A landlord can evict a tenant in Indiana for failing to pay rent when it is due. In fact, this is one of the most common reasons to evict a tenant. This article will explain the steps a landlord must take when evicting a tenant for failing to pay rent.
Unless otherwise stated in the lease, rent is almost always due on the first day of every month, and the landlord is not required to give any kind of grace period before charging a late fee or taking steps toward eviction. Rent is due even if the first of the month is a weekend or holiday.
A landlord and a tenant may agree to different terms regarding the rent due dates, but those terms must be written and memorialized in the lease. For example, the landlord could agree not to charge any late fees for a specified number of days after rent is due. Or the landlord could agree that if the first of the month is a holiday, then rent will be due the following business day. These terms are only valid, though, if they are written in the lease. Then the landlord and the tenant are both required to follow the terms of the lease.
If a tenant fails to pay rent and the landlord wants to start the eviction process in Indiana, the landlord must first give the tenant a ten-day notice to quit. The notice must state that the tenant has ten days to either pay rent or move out of the rental unit. If the tenant pays rent during the ten-day period, the landlord cannot proceed further with the eviction. However, if the tenant does not pay rent or move out, then the landlord can file an eviction lawsuit with the court (see Ind. Code Ann. § 32-31-1-6).
The ten-day notice must be written, and it should include the following statement:
“To (insert name of tenant here):
You are notified to vacate the following property not more than ten (10) days after you receive this notice unless you pay the rent due on the property within ten (10) days: (insert description of property here).”
The following information should also be included in the notice:
The best way to serve a ten-day notice is to give it directly to the tenant. The person serving the notice, either the landlord or the landlord’s agent, needs to explain what the notice is and why the tenant is receiving it. If the tenant cannot be found, then the landlord can post a copy of the notice in a conspicuous place at the rental unit, such as taped to the front door (see Ind. Code Ann. § 32-31-1-9).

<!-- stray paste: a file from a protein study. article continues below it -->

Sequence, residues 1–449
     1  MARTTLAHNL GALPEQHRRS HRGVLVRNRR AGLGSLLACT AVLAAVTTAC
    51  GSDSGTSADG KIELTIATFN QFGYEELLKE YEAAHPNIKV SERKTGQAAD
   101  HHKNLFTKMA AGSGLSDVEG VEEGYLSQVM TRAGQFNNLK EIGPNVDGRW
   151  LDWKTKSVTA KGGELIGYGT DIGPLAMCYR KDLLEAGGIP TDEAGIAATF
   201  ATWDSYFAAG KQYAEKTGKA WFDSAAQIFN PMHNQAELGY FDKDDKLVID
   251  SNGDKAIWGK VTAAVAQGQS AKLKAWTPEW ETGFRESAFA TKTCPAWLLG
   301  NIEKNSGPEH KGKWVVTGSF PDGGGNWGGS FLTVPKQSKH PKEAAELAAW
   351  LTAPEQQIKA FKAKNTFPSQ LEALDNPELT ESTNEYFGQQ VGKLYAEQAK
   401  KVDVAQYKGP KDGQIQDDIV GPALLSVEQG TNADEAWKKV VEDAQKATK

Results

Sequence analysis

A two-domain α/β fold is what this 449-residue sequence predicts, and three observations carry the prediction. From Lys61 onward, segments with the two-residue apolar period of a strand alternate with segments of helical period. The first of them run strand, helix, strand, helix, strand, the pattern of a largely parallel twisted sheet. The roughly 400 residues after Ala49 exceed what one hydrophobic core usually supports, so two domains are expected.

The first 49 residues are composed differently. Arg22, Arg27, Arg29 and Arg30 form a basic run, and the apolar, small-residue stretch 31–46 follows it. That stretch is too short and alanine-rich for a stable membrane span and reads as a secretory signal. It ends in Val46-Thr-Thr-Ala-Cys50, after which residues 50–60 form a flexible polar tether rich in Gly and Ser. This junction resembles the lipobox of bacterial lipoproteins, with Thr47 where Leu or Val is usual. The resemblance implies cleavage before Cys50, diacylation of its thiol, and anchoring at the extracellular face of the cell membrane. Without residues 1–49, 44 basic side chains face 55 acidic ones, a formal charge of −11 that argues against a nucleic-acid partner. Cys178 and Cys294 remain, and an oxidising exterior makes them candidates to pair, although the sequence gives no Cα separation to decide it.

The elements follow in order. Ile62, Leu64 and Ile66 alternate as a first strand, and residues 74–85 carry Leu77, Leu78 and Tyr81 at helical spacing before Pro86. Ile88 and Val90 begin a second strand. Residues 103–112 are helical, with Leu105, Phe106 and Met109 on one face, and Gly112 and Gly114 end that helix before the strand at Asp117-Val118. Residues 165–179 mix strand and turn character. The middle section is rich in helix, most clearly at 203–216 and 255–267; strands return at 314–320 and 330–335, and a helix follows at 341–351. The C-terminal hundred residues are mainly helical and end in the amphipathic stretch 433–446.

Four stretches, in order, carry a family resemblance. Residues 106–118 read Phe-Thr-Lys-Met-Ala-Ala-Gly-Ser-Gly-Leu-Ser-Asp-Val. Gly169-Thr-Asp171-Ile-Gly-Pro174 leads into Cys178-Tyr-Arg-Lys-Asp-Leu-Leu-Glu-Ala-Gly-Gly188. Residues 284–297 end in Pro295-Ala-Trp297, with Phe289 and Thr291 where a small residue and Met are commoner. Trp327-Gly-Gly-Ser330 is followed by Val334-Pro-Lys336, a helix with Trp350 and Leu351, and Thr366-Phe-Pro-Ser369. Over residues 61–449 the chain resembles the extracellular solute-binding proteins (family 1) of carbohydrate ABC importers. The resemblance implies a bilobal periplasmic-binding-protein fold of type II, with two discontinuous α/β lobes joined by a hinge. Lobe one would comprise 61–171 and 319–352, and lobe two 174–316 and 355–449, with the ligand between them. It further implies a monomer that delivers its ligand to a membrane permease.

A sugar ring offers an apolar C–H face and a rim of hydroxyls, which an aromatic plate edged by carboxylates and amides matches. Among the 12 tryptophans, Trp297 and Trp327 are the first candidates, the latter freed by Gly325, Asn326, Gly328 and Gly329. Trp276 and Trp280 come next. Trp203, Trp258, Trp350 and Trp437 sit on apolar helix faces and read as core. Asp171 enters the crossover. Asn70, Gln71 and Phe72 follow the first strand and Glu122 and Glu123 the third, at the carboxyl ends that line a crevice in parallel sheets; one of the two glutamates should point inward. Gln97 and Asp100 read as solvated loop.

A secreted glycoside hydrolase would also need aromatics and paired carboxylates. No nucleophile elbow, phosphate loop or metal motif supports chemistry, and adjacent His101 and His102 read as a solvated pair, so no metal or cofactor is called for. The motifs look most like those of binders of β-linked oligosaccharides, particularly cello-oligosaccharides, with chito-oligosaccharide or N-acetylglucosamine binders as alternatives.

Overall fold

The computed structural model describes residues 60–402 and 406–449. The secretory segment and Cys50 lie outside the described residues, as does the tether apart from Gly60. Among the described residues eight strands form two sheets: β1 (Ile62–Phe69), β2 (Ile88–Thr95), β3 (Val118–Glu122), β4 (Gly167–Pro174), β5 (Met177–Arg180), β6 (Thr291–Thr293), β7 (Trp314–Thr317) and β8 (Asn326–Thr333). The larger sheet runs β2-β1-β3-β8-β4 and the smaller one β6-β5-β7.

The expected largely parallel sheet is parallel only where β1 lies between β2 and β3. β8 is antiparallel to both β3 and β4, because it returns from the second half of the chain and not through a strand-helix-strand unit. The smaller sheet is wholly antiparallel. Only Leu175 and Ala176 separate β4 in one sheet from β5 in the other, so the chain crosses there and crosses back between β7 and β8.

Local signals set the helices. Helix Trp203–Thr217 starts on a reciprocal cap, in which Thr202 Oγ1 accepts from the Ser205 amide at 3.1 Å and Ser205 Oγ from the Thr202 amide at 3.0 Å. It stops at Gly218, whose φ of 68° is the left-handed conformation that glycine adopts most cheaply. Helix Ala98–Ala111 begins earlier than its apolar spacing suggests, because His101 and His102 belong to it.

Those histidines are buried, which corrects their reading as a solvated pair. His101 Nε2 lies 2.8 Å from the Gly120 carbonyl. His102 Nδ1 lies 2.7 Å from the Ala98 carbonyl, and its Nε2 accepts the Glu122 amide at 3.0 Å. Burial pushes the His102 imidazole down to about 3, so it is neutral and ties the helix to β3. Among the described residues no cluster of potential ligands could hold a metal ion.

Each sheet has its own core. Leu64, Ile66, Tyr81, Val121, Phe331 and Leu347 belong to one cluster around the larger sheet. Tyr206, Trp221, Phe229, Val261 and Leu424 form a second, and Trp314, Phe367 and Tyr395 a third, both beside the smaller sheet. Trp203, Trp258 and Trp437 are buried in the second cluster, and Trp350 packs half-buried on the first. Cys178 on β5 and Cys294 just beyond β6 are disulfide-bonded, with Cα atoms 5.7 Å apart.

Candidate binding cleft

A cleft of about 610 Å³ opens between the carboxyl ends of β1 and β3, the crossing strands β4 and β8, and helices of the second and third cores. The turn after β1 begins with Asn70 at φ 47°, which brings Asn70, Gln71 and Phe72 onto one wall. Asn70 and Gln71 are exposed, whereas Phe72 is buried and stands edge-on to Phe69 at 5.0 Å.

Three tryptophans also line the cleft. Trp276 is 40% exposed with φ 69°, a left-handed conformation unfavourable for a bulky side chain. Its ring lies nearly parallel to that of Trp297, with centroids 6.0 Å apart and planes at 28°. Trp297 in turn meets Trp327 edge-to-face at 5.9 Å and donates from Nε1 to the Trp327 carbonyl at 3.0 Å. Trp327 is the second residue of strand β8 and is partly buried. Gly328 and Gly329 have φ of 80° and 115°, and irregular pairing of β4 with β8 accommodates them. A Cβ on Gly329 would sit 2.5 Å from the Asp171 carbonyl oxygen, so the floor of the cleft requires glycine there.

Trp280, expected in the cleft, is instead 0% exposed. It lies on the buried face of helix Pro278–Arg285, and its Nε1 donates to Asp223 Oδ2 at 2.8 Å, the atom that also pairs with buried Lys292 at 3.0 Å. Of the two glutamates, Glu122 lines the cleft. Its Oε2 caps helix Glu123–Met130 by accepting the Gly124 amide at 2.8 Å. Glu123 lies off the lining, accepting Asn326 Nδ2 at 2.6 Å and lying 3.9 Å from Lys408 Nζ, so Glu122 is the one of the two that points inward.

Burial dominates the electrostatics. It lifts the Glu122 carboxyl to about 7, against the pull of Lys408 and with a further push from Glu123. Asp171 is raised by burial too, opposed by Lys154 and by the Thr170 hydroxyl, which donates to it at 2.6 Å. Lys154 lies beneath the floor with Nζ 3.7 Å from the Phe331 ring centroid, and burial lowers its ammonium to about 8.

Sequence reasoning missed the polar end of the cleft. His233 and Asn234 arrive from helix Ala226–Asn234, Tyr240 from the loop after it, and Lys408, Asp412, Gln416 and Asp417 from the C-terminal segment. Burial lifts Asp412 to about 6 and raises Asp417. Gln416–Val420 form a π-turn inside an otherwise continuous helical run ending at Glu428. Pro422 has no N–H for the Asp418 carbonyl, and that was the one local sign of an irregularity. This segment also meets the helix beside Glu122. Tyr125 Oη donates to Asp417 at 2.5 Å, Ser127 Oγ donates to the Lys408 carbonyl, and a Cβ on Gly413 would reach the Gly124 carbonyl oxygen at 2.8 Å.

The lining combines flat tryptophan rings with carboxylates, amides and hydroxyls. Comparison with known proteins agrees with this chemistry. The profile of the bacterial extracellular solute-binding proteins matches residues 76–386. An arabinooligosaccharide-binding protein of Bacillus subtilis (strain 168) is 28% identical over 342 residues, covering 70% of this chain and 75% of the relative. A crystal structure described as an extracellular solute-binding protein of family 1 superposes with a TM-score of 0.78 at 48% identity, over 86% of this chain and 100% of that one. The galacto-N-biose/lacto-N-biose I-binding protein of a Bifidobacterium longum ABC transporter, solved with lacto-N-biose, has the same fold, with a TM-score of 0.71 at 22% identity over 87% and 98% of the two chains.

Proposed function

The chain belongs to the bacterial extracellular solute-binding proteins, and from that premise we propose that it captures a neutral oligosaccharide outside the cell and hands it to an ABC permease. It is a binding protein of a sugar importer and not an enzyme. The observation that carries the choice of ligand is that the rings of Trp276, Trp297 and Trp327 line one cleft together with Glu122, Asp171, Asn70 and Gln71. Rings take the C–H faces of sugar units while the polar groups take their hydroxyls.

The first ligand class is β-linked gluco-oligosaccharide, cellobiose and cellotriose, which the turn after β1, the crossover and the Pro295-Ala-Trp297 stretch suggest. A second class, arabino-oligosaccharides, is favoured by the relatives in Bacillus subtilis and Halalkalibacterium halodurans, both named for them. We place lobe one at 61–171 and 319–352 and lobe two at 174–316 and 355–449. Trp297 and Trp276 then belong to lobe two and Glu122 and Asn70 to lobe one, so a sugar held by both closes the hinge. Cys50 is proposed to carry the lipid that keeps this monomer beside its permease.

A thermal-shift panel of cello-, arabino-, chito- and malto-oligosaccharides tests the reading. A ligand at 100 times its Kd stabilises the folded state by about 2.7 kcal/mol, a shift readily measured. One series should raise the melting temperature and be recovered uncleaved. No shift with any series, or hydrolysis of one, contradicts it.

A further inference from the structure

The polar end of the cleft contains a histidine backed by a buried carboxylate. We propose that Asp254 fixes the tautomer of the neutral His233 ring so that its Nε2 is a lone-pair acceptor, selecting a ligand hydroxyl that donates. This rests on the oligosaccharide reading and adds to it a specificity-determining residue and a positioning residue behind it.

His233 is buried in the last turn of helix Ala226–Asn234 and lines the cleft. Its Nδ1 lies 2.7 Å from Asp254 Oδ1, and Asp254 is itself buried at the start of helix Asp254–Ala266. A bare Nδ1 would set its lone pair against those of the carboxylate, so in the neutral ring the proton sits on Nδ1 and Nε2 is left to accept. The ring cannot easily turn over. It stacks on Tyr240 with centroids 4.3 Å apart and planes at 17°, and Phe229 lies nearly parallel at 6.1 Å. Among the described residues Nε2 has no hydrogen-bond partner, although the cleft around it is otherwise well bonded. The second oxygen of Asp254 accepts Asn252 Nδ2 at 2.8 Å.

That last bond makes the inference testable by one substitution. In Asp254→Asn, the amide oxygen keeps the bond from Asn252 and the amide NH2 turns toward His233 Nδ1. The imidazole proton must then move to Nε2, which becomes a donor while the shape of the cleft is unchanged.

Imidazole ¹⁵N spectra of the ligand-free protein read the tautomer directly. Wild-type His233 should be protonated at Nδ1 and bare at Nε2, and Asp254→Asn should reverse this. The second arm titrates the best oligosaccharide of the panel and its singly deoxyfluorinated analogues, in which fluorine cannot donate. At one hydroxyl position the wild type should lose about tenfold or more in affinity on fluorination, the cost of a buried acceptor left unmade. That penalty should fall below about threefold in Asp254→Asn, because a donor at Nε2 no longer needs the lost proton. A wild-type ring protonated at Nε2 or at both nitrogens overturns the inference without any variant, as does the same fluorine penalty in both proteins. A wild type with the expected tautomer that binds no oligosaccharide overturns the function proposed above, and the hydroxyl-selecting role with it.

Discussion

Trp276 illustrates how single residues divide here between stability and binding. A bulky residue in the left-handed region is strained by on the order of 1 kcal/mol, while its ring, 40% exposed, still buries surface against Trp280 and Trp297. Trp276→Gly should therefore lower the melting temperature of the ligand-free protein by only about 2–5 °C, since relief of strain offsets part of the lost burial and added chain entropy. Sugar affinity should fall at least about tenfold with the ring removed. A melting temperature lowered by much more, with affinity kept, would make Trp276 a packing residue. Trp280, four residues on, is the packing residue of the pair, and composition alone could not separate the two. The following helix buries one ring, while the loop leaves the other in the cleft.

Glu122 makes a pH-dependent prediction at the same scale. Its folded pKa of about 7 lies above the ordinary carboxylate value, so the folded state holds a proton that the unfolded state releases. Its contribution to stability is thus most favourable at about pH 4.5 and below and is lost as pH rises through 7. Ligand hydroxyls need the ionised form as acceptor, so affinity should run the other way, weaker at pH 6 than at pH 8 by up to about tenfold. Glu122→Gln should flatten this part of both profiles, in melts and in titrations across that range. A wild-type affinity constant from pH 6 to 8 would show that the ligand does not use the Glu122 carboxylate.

The tenant can respond to a ten-day notice in several different ways.
To start an eviction lawsuit in Indiana, a landlord must file a summons and complaint with the trial court of the county in which the rental unit is located. The trial court will set a date for a hearing, and the tenant will receive a copy of the filed paperwork. At the hearing, a judge will listen to both the landlord and the tenant and decide whether the eviction should occur. A separate hearing may be assigned to determine whether the tenant owes the landlord any money. If the landlord is successful and wins the eviction lawsuit, the court will set a date by which the tenant must be moved out of the rental unit. The court will also give the landlord a court order allowing a sheriff to be present at the eviction and ensure the tenant moves out of the rental unit.
It is important to note that a landlord cannot evict a tenant without a court order and without a sheriff present. If the landlord attempts to remove the tenant through any other way, such as changing the locks at the rental unit or shutting off the utilities, the tenant can sue the landlord for damages. This type of action is referred to as a self-help eviction, and Indiana law makes it illegal for a landlord to do (see Ind. Code Ann. § 32-31-5-6). For more information on self-help evictions, see the Nolo article Illegal Eviction Procedures in Indiana.
Legal aid organizations, such as Indiana Legal Services, can provide legal assistance to those who qualify. Indiana Legal Services also has an extensive online library with resources related to evictions and other housing issues.
Nolo also has other articles on landlord-tenant relations in Indiana, including tenant defenses to evictions in Indiana. The Indiana charts in the State Landlord-Tenant Laws section of the Nolo website also have useful information. For more eviction articles, see Nolo’s section on Evicting a Tenant or Ending a Lease.